London is well known for its highly recognisable hackney carriages, the famous black cabs, which can be hailed off the street to ensure a safe and smooth passage for its passenger. They are identified by the taxi light atop the cab, and should clearly display licence badges and the taxi meter.
The other form of taxi is the Private Hire Vehicle or minicab, which unlike hackney carriages can only be pre-booked and not hailed off the street. As many minicabs are standard saloon cars, it is unfortunately relatively easy for unlicensed drivers to masquerade as law-abiding licensed Private Hire Vehicles.
It is illegal to operate as a taxi without a licence from the Public Carriage Office or local authority, and it is illegal for minicabs to pick up or tout for passengers off the street.
Unlicensed minicab drivers often ply for fares around pubs and clubs, hoping for inebriated passengers to mistake them for a licensed cab or be too drunk and too keen to get home to care. This occurs particularly around Christmas and New Year, when the heavy celebration and cold weather makes drinkers prone to rash decisions.Dangers of Unlicensed Minicabs
Taxis that operate illegally are not monitored by or answerable to anyone, therefore there are no guarantees for passenger safety. Unlike licensed taxis, illegal minicabs may not be roadworthy and people travelling in one would not be insured in the event of an accident. As they tend to operate in areas where they know passengers will be desperate for a cab, they may charge random and excessive fares because the passenger might be too drunk, tired, or by this point, worried, to argue.
A common scenario occurs where a clubber falls out into the night, fuzzy-headed and desperate to get home. They may not know where the nearest taxi rank is and public transport will have stopped. Up pulls an unlicensed minicab and it seems like a good idea to hop in. However, often the driver does not know where they are going or may drive the long way just to charge the passenger more. They may drive dangerously, and finally charge a ridiculous amount for what should have been a short and simple journey. Unwitting passengers often feel threatened or sometimes are actually threatened by the driver into paying just so that they can get away. Is this what you want from a cab journey? The responsibility falls on all of us to be aware of how and with whom we travel, and to squeeze out the unlicensed minicab drivers.
It is thought that men take unlicensed minicabs because they do not consider the danger, while women choose them as the lesser of two evils. Women tend to take illegal minicabs to avoid the potential dangers of walking home alone late at night, not realising that riding in an unlicensed taxi is an equal threat.
In London alone, recent statistics show that 11 women are attacked each month after taking an unlicensed minicab.
80% of stranger rapes are committed by unlicensed cab drivers.
Always look for the cab licence number, phone number printed on the side, and discs in the front and back windows to see if it the minicab that you ordered. If you didn't order one, don't get in it; even if it is a licensed minicab. They should not be touting for business off the street.Taxi Safety Tips Always used a licensed taxi.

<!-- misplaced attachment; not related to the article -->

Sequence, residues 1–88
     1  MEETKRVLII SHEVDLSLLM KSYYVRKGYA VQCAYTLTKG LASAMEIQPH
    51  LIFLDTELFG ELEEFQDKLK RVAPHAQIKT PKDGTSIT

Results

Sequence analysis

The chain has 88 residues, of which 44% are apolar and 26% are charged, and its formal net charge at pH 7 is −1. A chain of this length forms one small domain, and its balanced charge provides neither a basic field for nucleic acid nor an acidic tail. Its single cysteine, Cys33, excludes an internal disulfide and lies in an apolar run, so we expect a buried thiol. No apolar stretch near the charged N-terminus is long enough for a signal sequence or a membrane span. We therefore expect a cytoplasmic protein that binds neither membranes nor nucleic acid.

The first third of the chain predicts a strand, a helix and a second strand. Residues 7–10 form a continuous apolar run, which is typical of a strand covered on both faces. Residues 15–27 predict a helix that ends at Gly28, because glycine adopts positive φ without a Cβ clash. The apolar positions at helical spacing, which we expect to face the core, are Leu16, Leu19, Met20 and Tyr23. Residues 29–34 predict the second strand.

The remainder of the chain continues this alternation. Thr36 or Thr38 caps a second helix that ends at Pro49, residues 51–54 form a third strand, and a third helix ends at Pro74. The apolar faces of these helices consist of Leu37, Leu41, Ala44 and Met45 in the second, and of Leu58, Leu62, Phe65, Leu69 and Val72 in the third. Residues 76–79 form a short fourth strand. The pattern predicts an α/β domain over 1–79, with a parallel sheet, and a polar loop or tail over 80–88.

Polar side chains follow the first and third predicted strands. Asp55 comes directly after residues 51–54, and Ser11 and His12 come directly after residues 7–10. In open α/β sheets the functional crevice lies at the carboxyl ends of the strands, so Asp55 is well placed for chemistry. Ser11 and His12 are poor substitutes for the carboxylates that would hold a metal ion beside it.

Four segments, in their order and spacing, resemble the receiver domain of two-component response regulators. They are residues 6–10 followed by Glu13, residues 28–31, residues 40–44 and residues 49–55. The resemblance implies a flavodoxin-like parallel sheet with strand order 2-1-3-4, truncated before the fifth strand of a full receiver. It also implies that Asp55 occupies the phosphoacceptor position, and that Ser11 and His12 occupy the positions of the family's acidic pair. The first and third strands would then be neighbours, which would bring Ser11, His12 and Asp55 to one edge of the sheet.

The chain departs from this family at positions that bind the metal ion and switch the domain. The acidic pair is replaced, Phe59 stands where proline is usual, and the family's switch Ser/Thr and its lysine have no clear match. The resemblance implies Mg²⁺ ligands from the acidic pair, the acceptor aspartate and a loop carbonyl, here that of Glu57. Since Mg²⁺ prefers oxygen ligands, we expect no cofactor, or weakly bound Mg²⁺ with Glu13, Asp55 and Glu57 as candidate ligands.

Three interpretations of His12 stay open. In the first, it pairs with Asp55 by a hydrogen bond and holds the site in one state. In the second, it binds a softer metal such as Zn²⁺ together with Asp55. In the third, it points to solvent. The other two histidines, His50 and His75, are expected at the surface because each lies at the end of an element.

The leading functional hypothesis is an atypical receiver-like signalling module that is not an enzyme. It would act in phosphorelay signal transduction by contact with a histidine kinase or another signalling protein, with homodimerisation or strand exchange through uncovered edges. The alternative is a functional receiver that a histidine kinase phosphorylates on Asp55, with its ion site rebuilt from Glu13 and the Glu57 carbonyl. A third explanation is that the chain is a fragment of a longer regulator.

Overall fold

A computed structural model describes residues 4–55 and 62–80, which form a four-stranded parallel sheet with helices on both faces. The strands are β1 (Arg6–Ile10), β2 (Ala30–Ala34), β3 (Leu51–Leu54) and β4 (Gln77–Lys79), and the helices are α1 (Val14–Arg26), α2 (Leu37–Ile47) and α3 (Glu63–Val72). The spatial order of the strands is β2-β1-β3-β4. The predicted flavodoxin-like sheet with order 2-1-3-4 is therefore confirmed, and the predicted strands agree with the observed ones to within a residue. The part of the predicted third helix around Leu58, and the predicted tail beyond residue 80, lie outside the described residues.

Plan ahead. When going out, make sure you know how you are going to get back home and who you are going home with. It is better to plan your transport options while you are still sober and have your wits about you. Finding yourself alone miles from home at 2:30 in the morning is a situation you want to avoid.
Book in advance. Pre-booking a taxi will avoid last-minute desperate decisions. Book with a known firm that someone you know uses regularly. Try and find a service that uses text or call-back to let you know when the taxi is arriving.
Keep taxi numbers handy. Keep about three numbers stored in your mobile and keep a separate copy elsewhere in case you lose your phone. If you are out at a venue and do not have any numbers, ask a member of staff to recommend a licensed firm. Do not accept lifts from strangers.
Be discreet. Try not to let strangers overhear you order a cab. If they overhear your details they could pretend to be the taxi you ordered.
Find out the price. Get a quote for the cab fair over the phone so that you can set aside enough money. Private hire minicabs are not required to have meters and there are no price limits, so always confirm the price again before getting in.
Get vehicle details. When booking, ask if they can tell you the colour and make of car as well as the cab driver's name.
Let someone know. If you are travelling to meet a friend, let them know the name of the company, where you are being picked up from and what time you expect to get there.
Make sure it's your cab. When they arrive, ask them to confirm the booking details. Ask who it is for; don't say "is this the cab for ____?" Check their ID to make sure it's from the company you ordered. If you feel unsure about a driver, just don't get in.
Sit in the back. Choose the seat behind the driver as this puts you the furthest out of reach. If a group of you are taking the taxi, ensure that the last person who will get out sits there. Keep your belongings about your person.
Mind your mouth. If you chat to the driver, don't reveal any personal information. Just stick to general topics.
Use your mobile. If you feel nervous, phone a friend (or pretend to). This will make it less likely for anything to occur. If you are seriously concerned, phone the police immediately.
When you have arrived, ask the driver to wait until you are indoors. They should be happy to do this so that you use their service more often.